originally published on The Daily Beast, 3/16/2015 (

Broken Ruins, Ruined Societies: It’s Not Just ISIS Destroying History

Widespread apathy in the Muslim world about the destruction of antiquities, including those central to the history of Islam and the Bible, threatens our global heritage.
The recent vandalization of Nimrud and Hatra by the so-called Islamic State—and the destruction of lesser shrines in Libya by local Islamists, which started in 2012—is not an isolated phenomenon. It stems from deep-seated pathologies afflicting the Muslim world.
Yes, many Arabs and Muslims condemn these actions. But many don’t quite see what the fuss is about—or are willing to defer to those who feel strongly that Islamic taboos trump historical value. And while most of the developed world believes that a 2,000-year-old monument has moral value because it is part of the historical record, much of the Muslim world does not share the Western understanding of “the historical record” or its importance.
It is not only the Islamic State, widely known as ISIS, that is eradicating the Muslim past. Much of Mecca’s history has been bulldozed in recent years. In Mali, hardline Islamist militia Ansar Dine destroyed 1,000-year-old Sufi saints’ tombs and torched priceless ancient manuscripts in Timbuktu in 2012. And the vandalism in Libya began long before ISIS arrived there.
In August 2012 I saw the immediate aftermath of the destruction of a Sufi Muslim shrine by local Islamists just outside the Radisson Blu hotel in Tripoli. A few people did try to stop the demolition, and were beaten for their pains; most people, even archeologists, kept their heads down and did nothing. (Our State Department was courting these same Islamists at the time.)
A number of educated Libyans I know conceded the plausibility of the hardline Wahabi argument that tombs should not be located inside mosques. But that doesn’t mean tombs have to be bulldozed; they could be relocated, especially to a museum where no one would be in danger of the crime of “worshipping” them.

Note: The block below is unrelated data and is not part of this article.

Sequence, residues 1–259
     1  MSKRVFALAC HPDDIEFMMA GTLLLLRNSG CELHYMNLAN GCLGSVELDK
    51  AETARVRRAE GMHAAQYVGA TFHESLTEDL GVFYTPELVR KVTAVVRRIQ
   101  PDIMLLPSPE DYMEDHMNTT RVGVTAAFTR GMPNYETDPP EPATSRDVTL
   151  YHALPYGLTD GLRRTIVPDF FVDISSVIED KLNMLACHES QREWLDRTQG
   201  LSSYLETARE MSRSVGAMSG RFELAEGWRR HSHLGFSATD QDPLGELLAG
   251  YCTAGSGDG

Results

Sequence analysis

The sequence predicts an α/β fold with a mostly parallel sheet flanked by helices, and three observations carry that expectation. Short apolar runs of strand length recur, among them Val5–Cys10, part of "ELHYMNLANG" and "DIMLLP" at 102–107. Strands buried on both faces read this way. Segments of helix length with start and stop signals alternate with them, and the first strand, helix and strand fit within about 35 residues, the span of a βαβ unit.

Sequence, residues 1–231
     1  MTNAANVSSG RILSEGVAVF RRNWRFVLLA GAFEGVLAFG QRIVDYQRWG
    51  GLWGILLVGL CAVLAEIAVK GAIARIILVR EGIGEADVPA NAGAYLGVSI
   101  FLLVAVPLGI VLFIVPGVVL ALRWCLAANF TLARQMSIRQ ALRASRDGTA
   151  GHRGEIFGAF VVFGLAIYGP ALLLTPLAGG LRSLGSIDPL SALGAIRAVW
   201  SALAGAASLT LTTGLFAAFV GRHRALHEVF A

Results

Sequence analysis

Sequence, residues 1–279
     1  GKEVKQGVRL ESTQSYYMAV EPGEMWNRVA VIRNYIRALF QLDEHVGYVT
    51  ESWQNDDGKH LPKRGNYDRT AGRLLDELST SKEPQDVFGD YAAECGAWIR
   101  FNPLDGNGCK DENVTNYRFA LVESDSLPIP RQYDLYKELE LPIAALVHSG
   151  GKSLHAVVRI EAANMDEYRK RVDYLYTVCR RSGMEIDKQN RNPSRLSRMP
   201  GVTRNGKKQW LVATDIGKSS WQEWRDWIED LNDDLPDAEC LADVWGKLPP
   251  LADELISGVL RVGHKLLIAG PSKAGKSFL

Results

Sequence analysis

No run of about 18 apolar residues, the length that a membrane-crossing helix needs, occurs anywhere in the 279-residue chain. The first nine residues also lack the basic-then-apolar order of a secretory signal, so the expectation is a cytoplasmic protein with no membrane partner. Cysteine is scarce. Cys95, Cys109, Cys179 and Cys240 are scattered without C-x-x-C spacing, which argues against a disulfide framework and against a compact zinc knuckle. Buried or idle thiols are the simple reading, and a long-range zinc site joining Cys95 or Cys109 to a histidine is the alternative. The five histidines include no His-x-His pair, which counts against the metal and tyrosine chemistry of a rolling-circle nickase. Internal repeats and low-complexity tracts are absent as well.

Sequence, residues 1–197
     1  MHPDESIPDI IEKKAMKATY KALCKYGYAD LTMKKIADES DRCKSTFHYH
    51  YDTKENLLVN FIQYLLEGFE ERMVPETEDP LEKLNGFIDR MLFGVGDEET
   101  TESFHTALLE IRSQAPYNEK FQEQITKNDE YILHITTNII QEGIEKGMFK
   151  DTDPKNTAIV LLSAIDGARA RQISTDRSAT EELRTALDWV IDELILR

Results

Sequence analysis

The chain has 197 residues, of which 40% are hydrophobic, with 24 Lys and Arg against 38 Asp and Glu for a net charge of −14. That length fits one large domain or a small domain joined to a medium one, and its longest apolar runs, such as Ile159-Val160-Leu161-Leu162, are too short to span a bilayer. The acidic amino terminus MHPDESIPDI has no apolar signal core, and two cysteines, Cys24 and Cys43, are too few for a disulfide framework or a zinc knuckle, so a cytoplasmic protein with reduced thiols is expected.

Belatedly, the Egyptian Islamic Institute al Azhar, the greatest mainstream authority in Sunni Islam, issued a fatwa against the destruction of ancient artifacts, dismissing ISIS claims they are “idols” and declaring them “an important part of our collective legacy that must not be harmed.” The Malian government, saved by the French military in 2013 and backed by UNESCO, is making an effort to rebuild some of the heritage sites in Timbuktu wantonly destroyed in 2012, and locals managed to smuggle many of the ancient manuscripts during the jihadist occupation, risking their lives or the amputation of their limbs for doing so.
But none of the so-called moderates in the Muslim Brotherhood in Libya has stepped up to the plate to support conservation measures in Libya. And even where Islamic taboos aren’t an issue, simple greed has led to heritage destruction. In August 2013 in eastern Libya, profiteers destroyed part of a Greek necropolis simply to sell the land underneath.
Most Libyans don’t understand their glorious ruins as hallowed by time, because such an understanding is based on believing in the primacy of the real over the fake or the copy. And that in turn depends on believing in objective reality.